In Britain, there are 9.5 million adults who have a recognised disability (Disability Rights Commision, 2006): that is over one-fifth of the adult population. A further 700,000 children have one or more disabilities.

95% of us will experience disability at some time during our life. If you became disabled and wanted to continue attending your church, how easy would that be? Paul, the apostle, wrote: "those parts that seem to be weaker are indispensable". If we believe that the Christian Gospel is for everyone, then we need to include disabled people in the life of our churches.

There is a wide range of disabilities, some obvious, many hidden. Installing a ramp for a wheelchair does not mean that your church is welcoming to all. Having a loop system installed is not enough if it is not in full working order and switched on for all services and meetings. Having a welcome team is not enough if they don't understand the needs of people with Autism, Aspergers Syndrome, or people with learning difficulties.

The biggest thing you can do to make your church more welcoming to people with disabilities is to ask them how you may help. And listen to their answers. You may not be able to change your church immediately – installing a ramp for wheelchair users may not be simple – but you might be able to change a flickering light bulb to help someone on the Autistic Spectrum feel more comfortable, or be able to help people with limited mobility get to the altar rail. Take people’s suggestions seriously, and be aware that no two people’s experiences, or disabilities, will be the same.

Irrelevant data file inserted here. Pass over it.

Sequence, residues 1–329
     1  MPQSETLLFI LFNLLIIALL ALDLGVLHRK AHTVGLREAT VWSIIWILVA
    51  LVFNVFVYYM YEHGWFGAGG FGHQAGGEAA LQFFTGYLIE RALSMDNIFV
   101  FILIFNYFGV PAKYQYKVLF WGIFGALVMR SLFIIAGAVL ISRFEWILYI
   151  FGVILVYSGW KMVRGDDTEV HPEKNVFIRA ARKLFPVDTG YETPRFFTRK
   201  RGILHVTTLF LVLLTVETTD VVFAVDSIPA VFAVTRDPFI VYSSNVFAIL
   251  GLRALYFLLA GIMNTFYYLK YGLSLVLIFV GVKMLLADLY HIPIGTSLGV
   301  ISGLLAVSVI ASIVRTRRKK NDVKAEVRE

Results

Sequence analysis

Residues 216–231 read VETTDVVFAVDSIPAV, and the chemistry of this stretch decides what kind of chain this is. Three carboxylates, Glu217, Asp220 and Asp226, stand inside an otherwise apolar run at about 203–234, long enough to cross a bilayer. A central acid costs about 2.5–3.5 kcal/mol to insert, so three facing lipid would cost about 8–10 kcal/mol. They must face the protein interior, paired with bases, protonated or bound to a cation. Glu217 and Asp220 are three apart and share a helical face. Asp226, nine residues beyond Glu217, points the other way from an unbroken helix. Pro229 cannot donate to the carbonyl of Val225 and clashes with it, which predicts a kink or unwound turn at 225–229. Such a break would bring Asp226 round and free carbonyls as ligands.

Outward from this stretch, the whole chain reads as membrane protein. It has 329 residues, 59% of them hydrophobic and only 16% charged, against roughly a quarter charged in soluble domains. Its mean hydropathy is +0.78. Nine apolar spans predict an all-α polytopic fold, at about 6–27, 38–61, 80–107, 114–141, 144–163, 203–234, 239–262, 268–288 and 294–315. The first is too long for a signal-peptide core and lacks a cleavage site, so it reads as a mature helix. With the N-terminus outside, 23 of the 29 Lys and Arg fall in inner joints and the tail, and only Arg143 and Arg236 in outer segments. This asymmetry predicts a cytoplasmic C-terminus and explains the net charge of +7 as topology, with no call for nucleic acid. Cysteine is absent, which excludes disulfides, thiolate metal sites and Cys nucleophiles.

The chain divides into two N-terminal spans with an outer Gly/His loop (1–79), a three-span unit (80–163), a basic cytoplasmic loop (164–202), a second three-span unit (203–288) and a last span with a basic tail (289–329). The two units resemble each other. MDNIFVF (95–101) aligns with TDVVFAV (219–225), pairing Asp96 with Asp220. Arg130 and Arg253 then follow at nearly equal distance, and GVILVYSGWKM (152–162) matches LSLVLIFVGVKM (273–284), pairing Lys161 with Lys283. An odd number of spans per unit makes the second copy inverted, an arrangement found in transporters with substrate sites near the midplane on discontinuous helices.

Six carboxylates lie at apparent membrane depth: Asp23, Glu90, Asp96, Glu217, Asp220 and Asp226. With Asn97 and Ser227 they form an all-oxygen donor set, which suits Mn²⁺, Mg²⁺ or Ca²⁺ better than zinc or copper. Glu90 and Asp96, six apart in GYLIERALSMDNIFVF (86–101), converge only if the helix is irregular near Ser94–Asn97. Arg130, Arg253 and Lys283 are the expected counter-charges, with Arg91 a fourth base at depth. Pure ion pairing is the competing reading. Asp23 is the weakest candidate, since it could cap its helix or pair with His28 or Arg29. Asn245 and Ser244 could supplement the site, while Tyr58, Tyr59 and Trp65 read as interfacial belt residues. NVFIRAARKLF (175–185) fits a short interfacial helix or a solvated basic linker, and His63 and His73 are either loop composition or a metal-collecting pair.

At a national level, the Church of England's Committee for Ministry of and Among Deaf and Disabled People (CMDDP) seeks to support and encourage the ministries of Deaf people, people with disabilities and the ministries of all those who work with them.

The CBC has produced a Guidance Note on churches and the Equality Act 2010, which you can download below, or click here for more information on the Equality Act. You can also download an accessibility audit form.

If you would like help making your church more friendly and welcoming towards people with disabilities, please contact your Archdeacon pending the appointment of a new Diocesan Officer for People with Disabilities (January 2018).

Every Disabled Child Matters (EDCM)

EDCM is a consortium campaign run by four of the leading organisations working with disabled children and their families: Contact a Family, the Council for Disabled Children, Mencap and the Special Educational Consortium. Between them, the campaign partners represent over 770,000 disabled children and young people in the UK.

EDCM was established in September 2006 and continues to campaign to raise the political profile of disabled children and their families within central and local government. EDCM wants Westminster and local government to:

To find out more, visit the EDCM website.